As writers. we should always be on the lookout for interesting and helpful resources online as well as places to publish our own work. I share a lot of resources on Writing It Real’s facebook page and on Pinterest at The Writing Life. But there are many, and I would like to share my current favorites … Continue reading

Continue reading

To Explain How a Poem Grows

This winter’s holiday school break, my grandson, now 15 and a half years old and equipped with his driver’s permit, took a two-week intensive driver’s education class. I certainly felt the passage of time as I remembered using an image of my son Seth receiving his driver’s license as I wrote a poem for him … Continue reading

Continue reading

A Writing Exercise to Help You Arrive at Deep Material

Many say that the hardest part of writing is moving from daily activities to being able to create work that transcends the daily. There are ways, though, to launch new writing that unexpectedly gets you to your deepest material while allowing you to make the shift easily. What follows is an exercise that is meant … Continue reading

Continue reading

It’s Writing It Real 2018 Contest Entry Time!

Whether you are writing poetry, fiction or nonfiction, our first contest of 2018 is for you. The theme is: “A New Season.” And that can mean season of the year, turning over a new leaf, of one’s time in life, of one’s health and fitness, or of one’s way of thinking, It can mean taking on … Continue reading

Continue reading

Writing to Remember and Be Joyful Even After Loss

The winter holidays are thought of as a time of joy, a time to chase away the northern hemisphere’s winter dark with lights, candles, sweets, gifts, gatherings and community festivities. To be sure, all of this is important, but for many, the holidays also yield deep longing for those who have died or are suffering … Continue reading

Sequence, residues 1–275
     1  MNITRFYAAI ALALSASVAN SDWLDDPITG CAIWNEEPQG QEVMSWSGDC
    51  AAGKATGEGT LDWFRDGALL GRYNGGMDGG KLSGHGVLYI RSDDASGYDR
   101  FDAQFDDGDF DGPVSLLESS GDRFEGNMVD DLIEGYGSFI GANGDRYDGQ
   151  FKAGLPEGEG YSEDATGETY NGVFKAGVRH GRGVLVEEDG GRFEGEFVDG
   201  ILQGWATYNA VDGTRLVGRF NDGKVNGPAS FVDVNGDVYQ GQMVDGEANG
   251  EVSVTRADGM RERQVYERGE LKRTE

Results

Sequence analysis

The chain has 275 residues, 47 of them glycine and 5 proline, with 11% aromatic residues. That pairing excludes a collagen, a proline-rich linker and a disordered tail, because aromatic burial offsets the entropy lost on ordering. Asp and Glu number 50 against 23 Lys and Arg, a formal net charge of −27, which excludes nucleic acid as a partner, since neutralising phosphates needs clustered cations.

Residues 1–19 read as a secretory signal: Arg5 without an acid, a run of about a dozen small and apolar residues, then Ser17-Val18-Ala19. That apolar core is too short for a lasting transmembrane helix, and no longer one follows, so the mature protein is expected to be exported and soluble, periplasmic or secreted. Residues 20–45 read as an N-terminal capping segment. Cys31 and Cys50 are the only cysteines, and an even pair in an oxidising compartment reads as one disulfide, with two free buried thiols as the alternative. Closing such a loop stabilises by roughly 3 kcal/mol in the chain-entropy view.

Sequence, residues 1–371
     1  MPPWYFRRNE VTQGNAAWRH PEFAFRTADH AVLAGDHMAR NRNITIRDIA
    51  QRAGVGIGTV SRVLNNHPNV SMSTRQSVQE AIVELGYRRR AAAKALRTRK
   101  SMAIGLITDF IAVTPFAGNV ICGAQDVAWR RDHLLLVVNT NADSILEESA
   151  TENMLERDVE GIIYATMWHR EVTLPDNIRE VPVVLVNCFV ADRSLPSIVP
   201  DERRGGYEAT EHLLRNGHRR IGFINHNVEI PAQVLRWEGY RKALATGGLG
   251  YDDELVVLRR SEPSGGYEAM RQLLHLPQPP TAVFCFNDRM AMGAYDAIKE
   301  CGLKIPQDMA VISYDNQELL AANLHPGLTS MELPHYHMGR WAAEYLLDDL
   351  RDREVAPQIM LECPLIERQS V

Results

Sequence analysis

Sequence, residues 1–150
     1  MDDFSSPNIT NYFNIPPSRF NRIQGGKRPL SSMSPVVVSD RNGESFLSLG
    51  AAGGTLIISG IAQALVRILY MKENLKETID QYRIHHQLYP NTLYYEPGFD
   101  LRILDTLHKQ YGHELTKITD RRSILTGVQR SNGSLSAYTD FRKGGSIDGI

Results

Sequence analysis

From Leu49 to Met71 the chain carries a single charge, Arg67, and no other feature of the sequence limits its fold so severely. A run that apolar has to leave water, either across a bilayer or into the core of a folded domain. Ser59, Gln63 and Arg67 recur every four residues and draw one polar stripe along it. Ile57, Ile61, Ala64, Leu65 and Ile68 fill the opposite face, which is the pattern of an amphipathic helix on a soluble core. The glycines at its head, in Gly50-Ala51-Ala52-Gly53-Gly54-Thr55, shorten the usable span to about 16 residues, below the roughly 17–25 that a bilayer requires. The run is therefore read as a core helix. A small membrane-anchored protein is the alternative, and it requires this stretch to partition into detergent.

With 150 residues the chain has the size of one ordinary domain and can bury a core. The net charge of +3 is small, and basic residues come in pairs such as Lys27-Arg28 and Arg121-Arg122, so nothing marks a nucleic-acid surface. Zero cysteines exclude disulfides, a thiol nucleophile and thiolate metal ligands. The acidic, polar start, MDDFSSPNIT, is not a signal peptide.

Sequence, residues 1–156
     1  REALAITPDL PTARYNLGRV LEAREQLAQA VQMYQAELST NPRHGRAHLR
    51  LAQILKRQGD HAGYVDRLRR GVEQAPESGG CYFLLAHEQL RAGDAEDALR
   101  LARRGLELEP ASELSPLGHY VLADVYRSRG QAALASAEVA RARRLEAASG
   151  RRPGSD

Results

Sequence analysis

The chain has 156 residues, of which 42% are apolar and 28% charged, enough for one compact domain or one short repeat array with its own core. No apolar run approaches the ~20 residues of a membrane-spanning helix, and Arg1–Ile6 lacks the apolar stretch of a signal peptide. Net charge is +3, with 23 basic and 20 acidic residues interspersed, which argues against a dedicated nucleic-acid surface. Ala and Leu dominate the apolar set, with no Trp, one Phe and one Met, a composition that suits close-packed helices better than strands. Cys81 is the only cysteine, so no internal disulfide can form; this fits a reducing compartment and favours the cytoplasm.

Continue reading

A Talk for All Writers

Listening to successful children?s book writer Patrick Jennings during an interview with him for ?In Conversation: Discussions on Writing and the Writing Life,? I realized again how much authors of books for young readers have to teach all of us who write. Listen to my recent interview with Patrick, in which he reads from his … Continue reading

Continue reading

Writers’ Strategies, Questions, And a Writing Exercise

A few years ago, I had the pleasure of interviewing memoirist and novelist Pam Houston. At the time of the interview, her book, Contents May Have Shifted, was Port Townsend?s Community Read. I did the taping on behalf of our local library. In this podcast, Pam talks about her writing and, in particular, the writing … Continue reading

Continue reading

Write Your Own Manifesto

For several years now, I have been interviewing writers, editors, writing program directors and publishers for ?In Conversation: Discussions on Writing and the Writing Life,? my regular program on KPTZ FM radio. At Writing It Real, we archive the programs, after they have aired, to maintain permanent links to all of the interviews. Over the … Continue reading

Continue reading

A Must Read for Personal Essayists: “Learning to Drive” by Katha Pollitt

This is a revised and updated article based on one from 2002 when I first read “Learning to Drive: A Year of Unexpected Lessons” by Katha Pollitt, published in The New Yorker magazine. I hope you’ll read the essay and go on to read my discussion of it, which includes an excerpt of review of the film (now … Continue reading

Continue reading

Cider Mills and Burning Leaves: Writing Fall

For us in northern states, fall brings shorter daylight, leaves to rake and cider mills to visit where we sip fresh apple cider and eat sweet doughnuts. We fill a nip in the air. In warm climates, fall begins the season of visitors with full hotels, gift shops and restaurants. Around the country Thanksgiving dinners … Continue reading

Continue reading

Self-Portrait, Self-Portrait on the Wall, A Writing Exercise

Years ago one of my writing students wrote this line in class, “Ms. Failure paints her self-portrait, then hangs it on a wall in your world without asking permission.” He was speaking, he told us, of a time when he was “not facing the realities of the world.” His imagined self-portrait both set him straight … Continue reading

Continue reading